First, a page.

A core made up of The Wisp, Topson’s Gyrocopter, and a very situational Ceb Timbersaw was dangerous, but the early game had Liquid looking stronger than they had in the previous games. They weren’t being dived under the tower and were able to force Johan “N0tail” Sundstein’s Abbadon back even with Io’s help. 

But Liquid couldn’t keep things going, as their lead evened out and ana managed to secure his Aghanim’s Scepter. Liquid extended into a high ground fight, but Topson sapped all of Miracle’s mana as the fight heated up, making him a non-factor despite having an Aegis from Roshan. 

Another team wipe on Liquid completely flipped the match in OG’s favor as they quickly took barracks and forced Liquid to concede despite their strong start. The Ancient fell and OG started celebrating. 

For the first time in the history of Dota 2, a team repeated as champions as OG defended their TI8 win, claiming a second Aegis of Champions at The International 2019. 

As the team celebrated, N0tail pushed Ceb forward to hoist the trophy, cementing their place as the most dominant team in the history of the game. Anathan “ana” Pham, Topias “Topson” Taavitsainen, Sébastien “Ceb” Debs, Jesse “JerAx” Vainikka, and Johan “N0tail” Sundstein will have their names written on the back of the Aegis once more.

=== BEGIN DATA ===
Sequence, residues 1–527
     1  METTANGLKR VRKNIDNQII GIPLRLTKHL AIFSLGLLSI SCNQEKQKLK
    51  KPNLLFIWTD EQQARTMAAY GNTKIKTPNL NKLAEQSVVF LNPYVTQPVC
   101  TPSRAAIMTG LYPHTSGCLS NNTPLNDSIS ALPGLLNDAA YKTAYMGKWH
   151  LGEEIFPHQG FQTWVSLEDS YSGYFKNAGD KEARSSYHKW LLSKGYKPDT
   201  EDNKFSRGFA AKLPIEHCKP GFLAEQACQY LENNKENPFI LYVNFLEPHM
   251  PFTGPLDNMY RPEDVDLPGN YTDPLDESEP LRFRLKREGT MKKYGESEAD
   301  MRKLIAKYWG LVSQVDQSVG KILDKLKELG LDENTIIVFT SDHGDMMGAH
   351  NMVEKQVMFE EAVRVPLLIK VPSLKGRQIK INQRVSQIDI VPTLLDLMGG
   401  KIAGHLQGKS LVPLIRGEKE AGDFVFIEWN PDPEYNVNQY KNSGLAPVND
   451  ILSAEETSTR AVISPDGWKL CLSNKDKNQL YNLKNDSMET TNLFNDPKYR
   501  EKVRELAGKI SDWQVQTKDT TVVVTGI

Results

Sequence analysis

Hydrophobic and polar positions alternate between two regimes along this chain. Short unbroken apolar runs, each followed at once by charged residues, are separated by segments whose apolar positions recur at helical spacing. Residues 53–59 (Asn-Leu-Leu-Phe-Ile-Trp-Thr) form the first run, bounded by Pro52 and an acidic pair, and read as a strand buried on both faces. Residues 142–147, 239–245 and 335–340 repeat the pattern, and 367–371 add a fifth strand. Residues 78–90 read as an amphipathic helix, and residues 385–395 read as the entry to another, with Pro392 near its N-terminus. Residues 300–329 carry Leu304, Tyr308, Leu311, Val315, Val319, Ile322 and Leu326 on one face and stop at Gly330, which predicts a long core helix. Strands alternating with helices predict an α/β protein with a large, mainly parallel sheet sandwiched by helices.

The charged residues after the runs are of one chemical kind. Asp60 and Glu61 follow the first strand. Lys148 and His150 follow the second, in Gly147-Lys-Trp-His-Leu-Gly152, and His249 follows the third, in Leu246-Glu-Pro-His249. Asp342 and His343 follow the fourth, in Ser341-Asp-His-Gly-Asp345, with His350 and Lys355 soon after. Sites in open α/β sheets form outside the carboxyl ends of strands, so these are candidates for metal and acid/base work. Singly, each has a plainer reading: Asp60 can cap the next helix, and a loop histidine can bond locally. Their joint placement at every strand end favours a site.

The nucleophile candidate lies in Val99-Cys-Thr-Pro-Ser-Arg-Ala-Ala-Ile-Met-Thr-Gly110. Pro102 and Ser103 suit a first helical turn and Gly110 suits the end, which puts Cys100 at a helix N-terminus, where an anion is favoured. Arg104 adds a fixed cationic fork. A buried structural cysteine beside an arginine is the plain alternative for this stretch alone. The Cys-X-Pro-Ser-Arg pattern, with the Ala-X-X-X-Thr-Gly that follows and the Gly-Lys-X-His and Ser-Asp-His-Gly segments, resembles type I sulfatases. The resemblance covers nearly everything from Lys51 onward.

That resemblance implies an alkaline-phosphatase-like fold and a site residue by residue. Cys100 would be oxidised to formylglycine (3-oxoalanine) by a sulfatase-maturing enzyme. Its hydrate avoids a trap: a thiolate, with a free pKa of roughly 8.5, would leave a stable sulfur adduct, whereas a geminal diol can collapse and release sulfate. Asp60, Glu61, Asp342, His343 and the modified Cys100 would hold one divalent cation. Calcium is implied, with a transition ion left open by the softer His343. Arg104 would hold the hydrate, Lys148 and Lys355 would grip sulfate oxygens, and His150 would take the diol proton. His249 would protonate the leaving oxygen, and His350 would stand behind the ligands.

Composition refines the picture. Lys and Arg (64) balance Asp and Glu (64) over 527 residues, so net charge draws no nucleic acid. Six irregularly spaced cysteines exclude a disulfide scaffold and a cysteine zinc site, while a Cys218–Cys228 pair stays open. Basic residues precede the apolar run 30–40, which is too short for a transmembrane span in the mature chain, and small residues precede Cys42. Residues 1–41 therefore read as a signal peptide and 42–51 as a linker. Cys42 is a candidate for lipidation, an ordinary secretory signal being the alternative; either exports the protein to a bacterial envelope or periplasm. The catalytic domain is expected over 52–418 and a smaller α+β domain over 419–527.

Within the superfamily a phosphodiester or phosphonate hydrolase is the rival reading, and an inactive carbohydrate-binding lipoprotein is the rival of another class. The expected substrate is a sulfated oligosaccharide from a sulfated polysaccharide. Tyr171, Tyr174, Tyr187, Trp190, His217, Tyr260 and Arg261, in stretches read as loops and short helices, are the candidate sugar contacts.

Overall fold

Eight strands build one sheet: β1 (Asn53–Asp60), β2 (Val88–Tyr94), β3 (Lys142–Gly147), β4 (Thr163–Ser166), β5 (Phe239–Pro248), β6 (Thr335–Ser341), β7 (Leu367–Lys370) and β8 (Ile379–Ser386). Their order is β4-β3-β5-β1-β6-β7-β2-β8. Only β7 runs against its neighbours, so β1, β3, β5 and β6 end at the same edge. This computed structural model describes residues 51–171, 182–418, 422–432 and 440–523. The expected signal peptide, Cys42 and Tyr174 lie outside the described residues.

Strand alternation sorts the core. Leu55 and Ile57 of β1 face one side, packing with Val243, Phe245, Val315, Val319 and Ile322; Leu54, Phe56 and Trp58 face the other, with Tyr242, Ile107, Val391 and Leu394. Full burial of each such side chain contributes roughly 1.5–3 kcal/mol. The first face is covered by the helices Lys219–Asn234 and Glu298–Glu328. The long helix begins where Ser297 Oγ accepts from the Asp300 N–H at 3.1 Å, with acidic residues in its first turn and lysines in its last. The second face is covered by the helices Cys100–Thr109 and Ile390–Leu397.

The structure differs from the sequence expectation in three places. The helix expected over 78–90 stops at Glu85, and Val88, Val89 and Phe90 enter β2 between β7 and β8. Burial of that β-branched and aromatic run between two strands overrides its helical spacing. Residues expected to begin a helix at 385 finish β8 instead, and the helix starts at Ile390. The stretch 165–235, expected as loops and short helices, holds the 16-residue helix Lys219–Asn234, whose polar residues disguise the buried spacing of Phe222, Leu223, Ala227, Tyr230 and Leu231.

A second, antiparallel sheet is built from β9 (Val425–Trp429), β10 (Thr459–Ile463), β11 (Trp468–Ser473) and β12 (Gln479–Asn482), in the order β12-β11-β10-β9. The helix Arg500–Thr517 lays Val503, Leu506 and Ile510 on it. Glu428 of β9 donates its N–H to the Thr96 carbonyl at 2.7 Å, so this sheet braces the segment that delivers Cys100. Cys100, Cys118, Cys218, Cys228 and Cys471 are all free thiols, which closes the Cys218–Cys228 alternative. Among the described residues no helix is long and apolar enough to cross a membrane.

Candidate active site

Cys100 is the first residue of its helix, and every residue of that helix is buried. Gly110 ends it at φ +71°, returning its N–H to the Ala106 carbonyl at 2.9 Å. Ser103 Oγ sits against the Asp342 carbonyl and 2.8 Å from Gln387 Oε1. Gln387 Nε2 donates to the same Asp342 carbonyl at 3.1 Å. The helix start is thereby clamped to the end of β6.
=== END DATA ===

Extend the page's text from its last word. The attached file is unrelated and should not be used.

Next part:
Liquid bow out after an incredible 11-1 run through the lower bracket to make it to the finals, with KuroKy having played the most games in history at The International with 204 total.

The International 2020 will be held in Stockholm, Sweden, where OG will try to defend their titles once more, gunning for a threepeat like no one has seen before. 

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Cale Michael
Lead Staff Writer for Dota 2, the FGC, Pokémon, Yu-Gi-Oh!, and more who has been writing for Dot Esports since 2018. Graduated with a degree in Journalism from Oklahoma Christian University and also previously covered the NBA. You can usually find him writing, reading, or watching an FGC tournament.